· 7 FAM 1126, Commonwealth of the Northern Mariana Islands
c. Lawful permanent resident aliens (LPRs): Section 101(a)(20) INA (8 U.S.C. 1101(a)(20)) defines the term “lawfully admitted for permanent residence” as the status of having been lawfully accorded the privilege of residing permanently in the United States as an immigrant in accordance with the immigration laws, whose status has not changed. LPRs generally are not entitled to emergency and protective services provided by the U.S. Government. Refer such persons to the nearest diplomatic representative of the country of which they are a national or citizen. When an LPR applicant has exceptionally close and strong ties to the United States, and overriding humanitarian and compassionate grounds exist, request guidance from CA/OCS/ACS about the propriety of providing the service, with the understanding that the host government may not, and is not obligated to, honor a request from the U.S. Government on behalf of such an individual. The Privacy Act (5 U.S.C. 552a) does pertain to LPRs. (See also 7 FAM 060).
d. No Ties to the United States: Persons with no ties or allegiance to the United States may not be provided emergency or protective services except under the most extraordinary circumstances, and then only with the prior approval of the Department (CA/OCS).
e. Availability of Certain ACS Consular Services to Foreign Nationals: Notarial and Authentication services are available to foreign nationals under certain circumstances. (See 7 FAM 800).
7 FAM 013 DIPLOMATIC AND CONSULAR PREMISES
The status of diplomatic and consular premises arises from the rules of law relating to inviolability and immunity from the jurisdiction of the receiving State; the premises are not part of the territory of the sending State (the United States of America). Therefore, contrary to popular belief, a U.S. embassy or consulate is not U.S. soil. (See 7 FAM 180, Refuge – Temporary Emergency Protection Of Private U.S. Nationals At Overseas Posts).
7 FAM 014 UNASSIGNED
7 FAM 015 NOTE ABOUT DIPLOMATIC AND CONSULAR TERMINOLOGY
In the Vienna Convention on Consular Relations (VCCR) and bilateral consular conventions, the country that sent the consular officer to serve abroad is referred to as the “sending State.” The “receiving State” is the country where that consular officer will serve (the host country). You should become accustomed to this way of referring to countries in your formal dialogue with the authorities of the country where you serve abroad. Of course, diplomatic parlance is not useful or necessary when speaking informally at the working level.
7 FAM 016 Reporting
a. Each subchapter of the 7 FAM provides specific guidance regarding reporting requirements for posts concerning consular protection and passport and citizenship cases.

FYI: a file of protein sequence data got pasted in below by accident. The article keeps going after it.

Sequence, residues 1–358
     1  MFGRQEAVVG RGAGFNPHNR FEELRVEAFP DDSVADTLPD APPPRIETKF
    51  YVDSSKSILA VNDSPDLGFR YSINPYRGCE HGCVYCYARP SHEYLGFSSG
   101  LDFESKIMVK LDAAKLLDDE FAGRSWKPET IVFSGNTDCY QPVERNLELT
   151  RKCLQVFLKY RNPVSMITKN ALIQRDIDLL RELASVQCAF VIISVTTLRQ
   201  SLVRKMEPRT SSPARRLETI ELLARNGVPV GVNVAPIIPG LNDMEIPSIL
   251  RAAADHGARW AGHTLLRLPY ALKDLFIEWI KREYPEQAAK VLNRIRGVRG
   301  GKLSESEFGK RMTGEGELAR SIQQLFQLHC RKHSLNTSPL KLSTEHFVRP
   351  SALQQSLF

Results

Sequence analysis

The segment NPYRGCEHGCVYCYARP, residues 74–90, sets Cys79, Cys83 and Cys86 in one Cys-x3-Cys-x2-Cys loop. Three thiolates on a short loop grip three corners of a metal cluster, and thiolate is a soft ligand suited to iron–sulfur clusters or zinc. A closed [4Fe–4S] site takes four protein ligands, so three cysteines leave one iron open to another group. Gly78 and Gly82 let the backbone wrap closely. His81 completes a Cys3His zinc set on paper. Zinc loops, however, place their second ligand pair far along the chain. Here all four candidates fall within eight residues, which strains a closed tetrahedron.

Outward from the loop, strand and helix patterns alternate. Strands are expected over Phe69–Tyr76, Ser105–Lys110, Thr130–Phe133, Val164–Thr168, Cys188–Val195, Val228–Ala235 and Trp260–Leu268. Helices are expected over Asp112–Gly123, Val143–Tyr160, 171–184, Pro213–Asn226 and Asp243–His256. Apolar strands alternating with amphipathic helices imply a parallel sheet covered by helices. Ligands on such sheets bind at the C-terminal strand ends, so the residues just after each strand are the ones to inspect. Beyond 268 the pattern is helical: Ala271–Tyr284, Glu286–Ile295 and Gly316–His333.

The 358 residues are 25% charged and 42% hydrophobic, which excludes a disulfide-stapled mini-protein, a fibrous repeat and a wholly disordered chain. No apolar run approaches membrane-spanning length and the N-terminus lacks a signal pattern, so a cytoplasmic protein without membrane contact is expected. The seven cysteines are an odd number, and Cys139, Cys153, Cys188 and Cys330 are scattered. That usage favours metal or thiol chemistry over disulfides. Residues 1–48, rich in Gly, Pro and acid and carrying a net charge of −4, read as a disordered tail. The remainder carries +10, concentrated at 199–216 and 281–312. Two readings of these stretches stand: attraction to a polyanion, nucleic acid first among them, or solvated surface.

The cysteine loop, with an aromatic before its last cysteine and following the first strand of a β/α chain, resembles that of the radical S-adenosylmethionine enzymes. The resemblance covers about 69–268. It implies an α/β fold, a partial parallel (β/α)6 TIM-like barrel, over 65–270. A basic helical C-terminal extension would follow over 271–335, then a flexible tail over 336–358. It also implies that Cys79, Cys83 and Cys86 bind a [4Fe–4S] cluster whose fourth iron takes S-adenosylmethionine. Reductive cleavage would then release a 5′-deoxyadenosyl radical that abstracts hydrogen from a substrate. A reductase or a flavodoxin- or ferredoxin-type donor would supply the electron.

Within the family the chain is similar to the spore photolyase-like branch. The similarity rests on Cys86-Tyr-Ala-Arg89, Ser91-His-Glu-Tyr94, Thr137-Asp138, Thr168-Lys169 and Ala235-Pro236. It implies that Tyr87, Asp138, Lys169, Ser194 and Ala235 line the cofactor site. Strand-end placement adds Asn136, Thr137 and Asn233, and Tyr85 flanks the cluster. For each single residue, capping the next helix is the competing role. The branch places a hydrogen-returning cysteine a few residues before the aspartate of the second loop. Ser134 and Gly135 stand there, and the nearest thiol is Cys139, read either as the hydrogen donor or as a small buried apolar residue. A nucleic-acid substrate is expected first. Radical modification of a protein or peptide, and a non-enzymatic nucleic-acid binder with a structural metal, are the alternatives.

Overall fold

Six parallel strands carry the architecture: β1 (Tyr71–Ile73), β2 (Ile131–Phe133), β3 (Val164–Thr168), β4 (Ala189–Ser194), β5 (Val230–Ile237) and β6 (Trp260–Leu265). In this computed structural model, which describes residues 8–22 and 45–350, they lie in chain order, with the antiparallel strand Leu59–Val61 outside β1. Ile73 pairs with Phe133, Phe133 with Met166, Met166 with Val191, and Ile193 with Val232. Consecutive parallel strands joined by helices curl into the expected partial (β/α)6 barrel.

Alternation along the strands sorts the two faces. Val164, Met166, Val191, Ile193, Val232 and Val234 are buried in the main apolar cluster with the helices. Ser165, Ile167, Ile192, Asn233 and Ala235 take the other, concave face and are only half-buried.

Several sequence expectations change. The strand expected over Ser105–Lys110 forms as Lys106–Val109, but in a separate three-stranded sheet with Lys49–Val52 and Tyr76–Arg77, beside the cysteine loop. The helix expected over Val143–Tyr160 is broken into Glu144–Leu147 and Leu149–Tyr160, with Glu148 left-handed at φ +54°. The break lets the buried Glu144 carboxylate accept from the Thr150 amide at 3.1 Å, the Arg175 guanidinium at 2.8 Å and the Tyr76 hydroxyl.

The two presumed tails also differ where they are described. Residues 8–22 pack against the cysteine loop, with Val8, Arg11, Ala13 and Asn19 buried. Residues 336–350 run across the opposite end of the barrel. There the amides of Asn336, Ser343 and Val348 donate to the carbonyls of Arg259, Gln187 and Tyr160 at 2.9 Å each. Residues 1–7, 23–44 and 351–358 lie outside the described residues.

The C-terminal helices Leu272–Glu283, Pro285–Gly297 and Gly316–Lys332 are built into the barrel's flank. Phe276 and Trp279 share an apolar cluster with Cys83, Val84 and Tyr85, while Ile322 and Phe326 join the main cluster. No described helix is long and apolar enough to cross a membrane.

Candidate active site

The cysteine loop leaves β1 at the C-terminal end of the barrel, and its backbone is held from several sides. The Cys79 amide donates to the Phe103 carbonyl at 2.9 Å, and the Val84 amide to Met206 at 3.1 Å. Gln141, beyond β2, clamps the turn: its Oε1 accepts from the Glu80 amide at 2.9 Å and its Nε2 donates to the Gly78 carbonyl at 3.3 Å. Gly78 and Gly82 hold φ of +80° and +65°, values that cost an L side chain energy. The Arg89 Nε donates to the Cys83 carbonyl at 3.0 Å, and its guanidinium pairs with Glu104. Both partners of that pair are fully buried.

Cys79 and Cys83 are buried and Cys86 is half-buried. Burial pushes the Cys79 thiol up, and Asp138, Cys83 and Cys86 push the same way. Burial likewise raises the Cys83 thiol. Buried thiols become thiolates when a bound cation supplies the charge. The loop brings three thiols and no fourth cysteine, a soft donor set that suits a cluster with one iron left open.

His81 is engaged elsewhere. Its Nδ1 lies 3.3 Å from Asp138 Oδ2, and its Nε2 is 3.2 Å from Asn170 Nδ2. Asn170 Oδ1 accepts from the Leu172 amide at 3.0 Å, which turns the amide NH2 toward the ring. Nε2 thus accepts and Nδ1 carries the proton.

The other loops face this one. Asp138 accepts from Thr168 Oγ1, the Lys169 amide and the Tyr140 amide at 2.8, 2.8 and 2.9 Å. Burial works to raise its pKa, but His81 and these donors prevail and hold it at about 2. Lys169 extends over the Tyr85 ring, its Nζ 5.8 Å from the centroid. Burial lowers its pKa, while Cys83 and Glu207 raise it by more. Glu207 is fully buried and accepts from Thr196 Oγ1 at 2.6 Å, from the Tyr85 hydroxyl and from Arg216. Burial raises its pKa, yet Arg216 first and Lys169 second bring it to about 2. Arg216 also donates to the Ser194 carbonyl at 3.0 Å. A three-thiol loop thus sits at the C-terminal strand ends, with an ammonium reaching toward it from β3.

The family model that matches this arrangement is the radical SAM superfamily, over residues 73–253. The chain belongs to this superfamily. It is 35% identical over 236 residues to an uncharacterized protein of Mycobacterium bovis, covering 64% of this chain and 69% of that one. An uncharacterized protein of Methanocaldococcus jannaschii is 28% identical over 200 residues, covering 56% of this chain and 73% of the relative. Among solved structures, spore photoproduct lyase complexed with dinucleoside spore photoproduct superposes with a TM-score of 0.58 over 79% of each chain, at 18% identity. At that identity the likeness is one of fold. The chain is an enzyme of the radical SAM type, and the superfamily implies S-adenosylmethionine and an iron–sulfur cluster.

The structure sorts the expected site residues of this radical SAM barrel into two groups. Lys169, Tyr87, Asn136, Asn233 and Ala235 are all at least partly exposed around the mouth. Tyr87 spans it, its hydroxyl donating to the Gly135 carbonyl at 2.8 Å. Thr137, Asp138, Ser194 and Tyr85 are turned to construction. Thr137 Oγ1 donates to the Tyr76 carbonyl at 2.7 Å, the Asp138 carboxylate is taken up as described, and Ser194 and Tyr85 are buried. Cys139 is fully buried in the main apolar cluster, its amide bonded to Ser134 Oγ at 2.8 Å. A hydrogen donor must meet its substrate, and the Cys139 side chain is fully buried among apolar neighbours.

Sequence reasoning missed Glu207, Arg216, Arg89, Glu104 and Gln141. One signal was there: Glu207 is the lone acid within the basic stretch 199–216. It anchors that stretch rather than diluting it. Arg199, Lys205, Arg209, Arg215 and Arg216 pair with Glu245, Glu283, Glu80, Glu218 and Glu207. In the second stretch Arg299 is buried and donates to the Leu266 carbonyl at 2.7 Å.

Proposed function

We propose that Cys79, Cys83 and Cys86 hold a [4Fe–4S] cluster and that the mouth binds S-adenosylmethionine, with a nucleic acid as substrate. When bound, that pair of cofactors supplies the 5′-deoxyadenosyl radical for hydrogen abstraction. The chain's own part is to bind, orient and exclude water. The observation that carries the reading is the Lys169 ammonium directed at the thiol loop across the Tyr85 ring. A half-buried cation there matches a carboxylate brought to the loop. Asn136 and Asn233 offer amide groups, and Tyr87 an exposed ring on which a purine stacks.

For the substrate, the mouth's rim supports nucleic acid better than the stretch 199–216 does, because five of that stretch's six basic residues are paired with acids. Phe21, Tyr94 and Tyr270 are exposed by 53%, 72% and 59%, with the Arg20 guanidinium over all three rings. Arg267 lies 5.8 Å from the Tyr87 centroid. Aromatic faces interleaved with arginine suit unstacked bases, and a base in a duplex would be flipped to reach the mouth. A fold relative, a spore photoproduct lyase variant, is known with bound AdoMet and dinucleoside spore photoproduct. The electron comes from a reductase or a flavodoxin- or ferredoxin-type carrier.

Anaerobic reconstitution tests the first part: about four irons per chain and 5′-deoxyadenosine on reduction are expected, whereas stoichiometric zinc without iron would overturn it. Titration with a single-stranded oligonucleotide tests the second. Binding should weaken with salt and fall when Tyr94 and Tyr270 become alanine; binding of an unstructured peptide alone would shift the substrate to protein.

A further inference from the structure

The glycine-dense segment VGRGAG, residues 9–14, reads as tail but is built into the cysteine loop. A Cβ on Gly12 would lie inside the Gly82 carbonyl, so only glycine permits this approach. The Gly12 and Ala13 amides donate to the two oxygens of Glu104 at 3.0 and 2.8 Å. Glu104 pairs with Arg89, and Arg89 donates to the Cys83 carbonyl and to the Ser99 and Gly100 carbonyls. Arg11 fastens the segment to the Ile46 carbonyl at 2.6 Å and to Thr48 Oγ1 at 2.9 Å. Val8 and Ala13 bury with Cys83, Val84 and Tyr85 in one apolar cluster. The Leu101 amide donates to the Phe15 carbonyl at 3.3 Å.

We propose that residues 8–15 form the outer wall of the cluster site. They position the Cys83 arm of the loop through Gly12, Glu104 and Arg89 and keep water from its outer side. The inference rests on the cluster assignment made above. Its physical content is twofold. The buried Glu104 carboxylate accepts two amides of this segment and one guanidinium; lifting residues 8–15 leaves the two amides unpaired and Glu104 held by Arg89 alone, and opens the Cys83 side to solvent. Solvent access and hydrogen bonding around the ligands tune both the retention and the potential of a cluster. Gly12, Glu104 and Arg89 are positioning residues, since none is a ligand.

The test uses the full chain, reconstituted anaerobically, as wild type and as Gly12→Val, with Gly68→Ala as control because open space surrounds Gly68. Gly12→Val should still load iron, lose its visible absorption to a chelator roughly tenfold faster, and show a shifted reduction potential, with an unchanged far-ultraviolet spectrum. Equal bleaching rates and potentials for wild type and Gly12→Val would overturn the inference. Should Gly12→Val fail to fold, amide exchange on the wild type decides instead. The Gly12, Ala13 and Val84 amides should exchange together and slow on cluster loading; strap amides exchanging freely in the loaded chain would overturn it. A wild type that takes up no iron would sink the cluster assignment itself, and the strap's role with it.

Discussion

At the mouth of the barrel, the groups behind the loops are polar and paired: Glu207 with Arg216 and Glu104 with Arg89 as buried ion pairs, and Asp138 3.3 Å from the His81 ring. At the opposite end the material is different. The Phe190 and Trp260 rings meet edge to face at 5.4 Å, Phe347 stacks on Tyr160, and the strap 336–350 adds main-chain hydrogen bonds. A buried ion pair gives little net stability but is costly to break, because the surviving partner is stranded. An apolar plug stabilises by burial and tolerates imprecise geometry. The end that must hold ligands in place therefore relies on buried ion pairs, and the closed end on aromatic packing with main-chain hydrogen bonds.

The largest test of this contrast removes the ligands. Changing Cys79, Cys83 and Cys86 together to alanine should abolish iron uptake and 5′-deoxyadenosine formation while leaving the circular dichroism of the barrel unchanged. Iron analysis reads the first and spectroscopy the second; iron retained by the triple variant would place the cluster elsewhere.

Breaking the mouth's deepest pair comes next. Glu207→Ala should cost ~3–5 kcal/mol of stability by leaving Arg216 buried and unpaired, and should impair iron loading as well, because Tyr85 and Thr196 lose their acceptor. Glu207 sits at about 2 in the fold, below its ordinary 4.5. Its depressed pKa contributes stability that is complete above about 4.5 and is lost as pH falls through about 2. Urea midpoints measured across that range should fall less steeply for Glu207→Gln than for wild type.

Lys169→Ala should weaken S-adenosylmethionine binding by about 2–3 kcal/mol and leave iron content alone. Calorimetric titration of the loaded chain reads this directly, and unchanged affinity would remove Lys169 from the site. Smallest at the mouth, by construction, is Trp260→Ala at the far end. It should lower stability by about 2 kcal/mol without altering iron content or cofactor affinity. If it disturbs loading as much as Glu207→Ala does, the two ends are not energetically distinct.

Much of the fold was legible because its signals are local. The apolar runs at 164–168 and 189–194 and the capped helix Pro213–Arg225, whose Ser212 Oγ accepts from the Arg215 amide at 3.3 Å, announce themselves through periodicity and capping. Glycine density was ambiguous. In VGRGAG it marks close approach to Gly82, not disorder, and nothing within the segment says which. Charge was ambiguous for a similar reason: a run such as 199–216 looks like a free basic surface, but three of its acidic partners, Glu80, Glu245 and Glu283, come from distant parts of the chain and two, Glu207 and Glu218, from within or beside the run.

b. Most American Citizen Services (ACS) reporting is now done in the ACS system and via record email. Certain high profile cases continue to be reported via cable using appropriate TAGS to ensure appropriate distribution in the Department of State.
c. As the Bureau of Consular Affairs (CA) moves to adopt a more person-centric casework model, posts must scan pertinent documents as defined below and enter case notes, where appropriate, into the ACS system record of a U.S. citizen in actual or potential high-visibility cases. This will ensure that both Washington and posts have a complete picture of what work has been completed on a case, allowing us to respond quickly to urgent inquiries.
d. Consular One will eventually consolidate all citizen and passport services systems, including ACS (American Citizens Services), TDIS (Travel Document Issuance System), ACRQ (American Citizen Record Query), PIERS (Passport Issuance Electronic Record System), PLOTS (Passport Lookout Tracking System), ECAS (Enterprise Case Assessment Service), STEP (Smart Traveler Enrollment Program), MASCOT (Message Alert System for Citizens Overseas Tool, CTF (Consular Task Force), TFA (Task Force Alert), ATS (Adoption Tracking Service), and IPCA (International Parental Child Abduction). A critical feature of this system is a person-centric case work model. No longer will information be held in many systems, in separate case files, in emails, or elsewhere. You will be able to access a U.S. citizen's record literally from cradle to grave or, with a naturalized citizen, from visa application to passport issuance and, following conferral of citizenship, to the same extent as other U.S. citizens' records. Our goal is to put the right information at the fingertips of the right people when they need it most, whether in a routine passport application, an Information Memorandum to the Secretary, or during a crisis.
e. This system is intended to provide for a better, more well-informed consular team that enjoys improved system support. We aim to give action officers the information and documents they need for a swift response to requests for briefings by senior officials, for assistance in a crisis, or for routine consular services.
f. Where you think an ACS case might draw press or Congressional attention or involve a post or senior Department principal, please scan or attach electronic copies of pertinent U.S. and host-country official documents, incoming letters from the public in high profile cases, Congressional responses, memos prepared on the case, etc., to the U.S. citizen's ACS subject record. CA/OCS will do the same. If the case is unusual and requires further explanation, include a case note that provides pertinent details that CA or post need to prepare a written response to any inquiry. The documents post should scan include:
(1) Congressional Correspondence for any case;
(2) Diplomatic notes exchanged for any case;
(3) Action, Information, and Briefing Memoranda;
(4) Key press clippings or coverage;
(5) Talking Points and Press Guidance;
(6) Privacy Act Waivers;
(7) Welfare and Whereabouts messages passed;
(8) Notarial Documents where service is refused (for U.S. citizens only); and